This is really interesting work that I could further unpack, but I want to move toward how I see assemblage interacting with what Ratcliffe calls “energy-field imagery,” which she uses to conceptualize identification (and disidentification).
Energy fields, like the ones depicted in the (trippy) photo below (thanks, by the way, to some website that is literally called knowledgeforthesoul.com) seem to me to be somewhat akin to assemblages. Ratcliffe imagines each of the colors of the field as a discourse constructing a body. But the current image is a snapshot of a particular moment. The discourse is in motion, just as the body is in motion. And as one beam of color passes through the head or the leg, it changes (incrementally). It comes into contact with what was already there, and what was surrounding it. If there were two bodies in the frame, the colors between the bodies would shift, which might, in turn, shift the colors inside the bodies.
If this model of identity rings true, I think Ratcliffe’s imagery helps us to do a few things. First, while it shows both the possibilities and limitations of personal agency, it doesn’t totally discount it. Second, as she puts it, it makes visible how identity is discursively produced (which makes discourse a primary place of interrogation because of its transformative potential).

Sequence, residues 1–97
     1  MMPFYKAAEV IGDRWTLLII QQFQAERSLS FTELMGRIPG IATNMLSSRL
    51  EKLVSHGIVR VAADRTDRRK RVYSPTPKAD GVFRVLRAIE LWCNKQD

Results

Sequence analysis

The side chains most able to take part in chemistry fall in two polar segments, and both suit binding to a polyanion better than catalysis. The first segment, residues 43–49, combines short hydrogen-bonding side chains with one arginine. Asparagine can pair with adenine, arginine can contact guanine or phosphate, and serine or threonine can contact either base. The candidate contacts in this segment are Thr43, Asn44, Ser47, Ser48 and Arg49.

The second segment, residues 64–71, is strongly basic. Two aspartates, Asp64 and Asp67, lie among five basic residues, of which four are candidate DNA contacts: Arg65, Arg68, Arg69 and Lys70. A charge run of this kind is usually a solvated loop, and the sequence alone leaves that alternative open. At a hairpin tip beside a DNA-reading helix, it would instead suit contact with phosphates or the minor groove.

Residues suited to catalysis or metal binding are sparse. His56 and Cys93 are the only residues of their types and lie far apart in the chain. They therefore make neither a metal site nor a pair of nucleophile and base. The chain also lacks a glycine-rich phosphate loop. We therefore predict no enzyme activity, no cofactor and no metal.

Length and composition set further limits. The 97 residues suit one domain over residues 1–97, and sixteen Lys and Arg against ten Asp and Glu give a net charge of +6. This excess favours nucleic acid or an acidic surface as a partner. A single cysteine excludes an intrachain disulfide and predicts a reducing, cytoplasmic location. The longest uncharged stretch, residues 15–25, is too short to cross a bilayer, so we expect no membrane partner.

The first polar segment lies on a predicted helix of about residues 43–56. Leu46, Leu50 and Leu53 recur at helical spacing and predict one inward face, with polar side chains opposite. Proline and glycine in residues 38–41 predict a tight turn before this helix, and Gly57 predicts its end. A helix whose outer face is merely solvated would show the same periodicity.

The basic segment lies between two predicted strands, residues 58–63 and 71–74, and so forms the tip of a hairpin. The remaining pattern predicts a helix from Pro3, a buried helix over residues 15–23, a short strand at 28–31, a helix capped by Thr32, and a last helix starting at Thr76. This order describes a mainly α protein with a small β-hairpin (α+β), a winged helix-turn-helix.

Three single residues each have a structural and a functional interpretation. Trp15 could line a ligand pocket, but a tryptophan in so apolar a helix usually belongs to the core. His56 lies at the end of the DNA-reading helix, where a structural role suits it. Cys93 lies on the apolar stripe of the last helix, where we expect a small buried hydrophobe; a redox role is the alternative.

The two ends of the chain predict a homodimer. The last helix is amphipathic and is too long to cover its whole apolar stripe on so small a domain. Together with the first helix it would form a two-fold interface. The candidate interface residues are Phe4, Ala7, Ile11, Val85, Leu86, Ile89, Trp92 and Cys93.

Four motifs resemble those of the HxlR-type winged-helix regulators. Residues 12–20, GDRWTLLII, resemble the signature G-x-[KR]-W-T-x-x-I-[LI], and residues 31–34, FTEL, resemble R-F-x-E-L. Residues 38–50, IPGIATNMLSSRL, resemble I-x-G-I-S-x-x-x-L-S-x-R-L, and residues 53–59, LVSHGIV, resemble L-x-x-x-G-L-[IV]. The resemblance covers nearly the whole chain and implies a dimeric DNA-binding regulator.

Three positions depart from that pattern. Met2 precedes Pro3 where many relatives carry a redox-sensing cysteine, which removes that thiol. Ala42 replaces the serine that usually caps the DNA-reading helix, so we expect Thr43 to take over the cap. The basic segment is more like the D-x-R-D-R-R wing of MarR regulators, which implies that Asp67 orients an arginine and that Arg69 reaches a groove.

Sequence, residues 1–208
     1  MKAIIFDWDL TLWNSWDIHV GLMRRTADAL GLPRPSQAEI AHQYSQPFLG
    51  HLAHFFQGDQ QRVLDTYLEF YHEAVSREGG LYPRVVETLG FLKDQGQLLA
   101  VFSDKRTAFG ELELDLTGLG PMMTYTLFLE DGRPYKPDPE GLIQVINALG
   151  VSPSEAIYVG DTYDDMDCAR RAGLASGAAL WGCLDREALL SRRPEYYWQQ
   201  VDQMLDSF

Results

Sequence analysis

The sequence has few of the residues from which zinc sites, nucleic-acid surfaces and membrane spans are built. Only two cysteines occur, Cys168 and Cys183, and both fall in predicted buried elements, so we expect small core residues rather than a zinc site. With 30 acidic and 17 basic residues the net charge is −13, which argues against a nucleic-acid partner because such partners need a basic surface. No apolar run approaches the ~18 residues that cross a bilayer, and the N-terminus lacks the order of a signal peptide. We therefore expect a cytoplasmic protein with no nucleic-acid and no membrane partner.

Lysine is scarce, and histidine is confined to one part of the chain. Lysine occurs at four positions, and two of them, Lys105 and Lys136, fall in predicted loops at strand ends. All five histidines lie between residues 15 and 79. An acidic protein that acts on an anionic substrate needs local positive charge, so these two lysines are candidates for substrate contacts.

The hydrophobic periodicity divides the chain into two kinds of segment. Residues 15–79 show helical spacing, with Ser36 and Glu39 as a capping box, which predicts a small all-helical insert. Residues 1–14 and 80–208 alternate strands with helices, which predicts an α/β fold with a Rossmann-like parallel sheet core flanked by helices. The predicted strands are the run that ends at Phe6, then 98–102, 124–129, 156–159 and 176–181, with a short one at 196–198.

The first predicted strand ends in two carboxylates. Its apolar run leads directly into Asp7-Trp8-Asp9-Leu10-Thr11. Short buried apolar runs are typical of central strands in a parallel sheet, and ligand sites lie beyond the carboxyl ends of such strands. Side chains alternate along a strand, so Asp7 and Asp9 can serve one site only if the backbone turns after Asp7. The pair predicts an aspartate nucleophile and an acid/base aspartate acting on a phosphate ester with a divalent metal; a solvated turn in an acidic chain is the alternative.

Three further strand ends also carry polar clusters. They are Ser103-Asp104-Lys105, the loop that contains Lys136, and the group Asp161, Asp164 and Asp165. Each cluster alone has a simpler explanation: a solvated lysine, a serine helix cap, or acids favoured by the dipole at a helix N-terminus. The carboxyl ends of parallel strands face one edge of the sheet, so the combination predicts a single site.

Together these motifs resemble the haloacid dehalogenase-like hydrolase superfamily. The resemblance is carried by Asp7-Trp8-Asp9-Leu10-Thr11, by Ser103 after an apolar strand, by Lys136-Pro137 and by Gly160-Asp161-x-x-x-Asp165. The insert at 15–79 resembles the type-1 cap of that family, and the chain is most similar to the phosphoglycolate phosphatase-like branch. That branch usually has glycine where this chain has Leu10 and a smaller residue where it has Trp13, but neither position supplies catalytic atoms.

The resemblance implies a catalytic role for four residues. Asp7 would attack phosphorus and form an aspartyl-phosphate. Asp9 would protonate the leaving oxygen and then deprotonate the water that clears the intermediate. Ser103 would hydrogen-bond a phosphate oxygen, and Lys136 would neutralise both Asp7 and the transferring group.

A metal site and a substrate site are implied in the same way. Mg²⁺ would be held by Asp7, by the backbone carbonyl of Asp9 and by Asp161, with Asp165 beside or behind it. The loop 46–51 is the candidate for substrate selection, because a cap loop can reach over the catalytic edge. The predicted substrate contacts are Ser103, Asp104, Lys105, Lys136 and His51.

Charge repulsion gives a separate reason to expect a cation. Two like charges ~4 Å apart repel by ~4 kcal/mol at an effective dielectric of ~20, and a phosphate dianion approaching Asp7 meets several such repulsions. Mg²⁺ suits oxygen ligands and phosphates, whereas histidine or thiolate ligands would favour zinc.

It also helps us to understand the limitations of research methods in rhetoric and composition which ask us to use a snapshot to make generalizable claims and to form and interpret broader conclusions. It seems possible (or, more possible) to do this if we’re using intersectionality as a model, because intersectionality helps us to make claims about groups of people who ostensibly “share” the same set of identity categories. Energy-field imagery and assemblage recognize the real effects of these identity constructions while also recognizing that individual people can experience different concentrations of what Ratcliffe calls “shared atmosphere” (71). These nuanced concentrations can impact individual agency and the possibilities for identification or disidentification with dominant discourse.
This cannot mean that identity can be dismissed in critique in any way. It is, instead, perhaps a way to inject some nuance. Ultimately, it feels to me that both Puar and Ratcliffe are simply trying to account for more than a snapshot of a cross-section. Am I reading this correctly?
Questions I still have: what do these theories mean for the possibilities of collective action? When we call for feminism (or anything) to be intersectional, it seems like what we mean is that we take multiple simultaneous realities into consideration at once. Can assemblage / energy field imagery help us to do this, too? How might these theories account for the impulse of cosmopolitan English to focus on the porousness of language potentially at the expense of flattening uneven individual histories (I write about that a bit in this post). Who addresses these things in our field, or outside of it?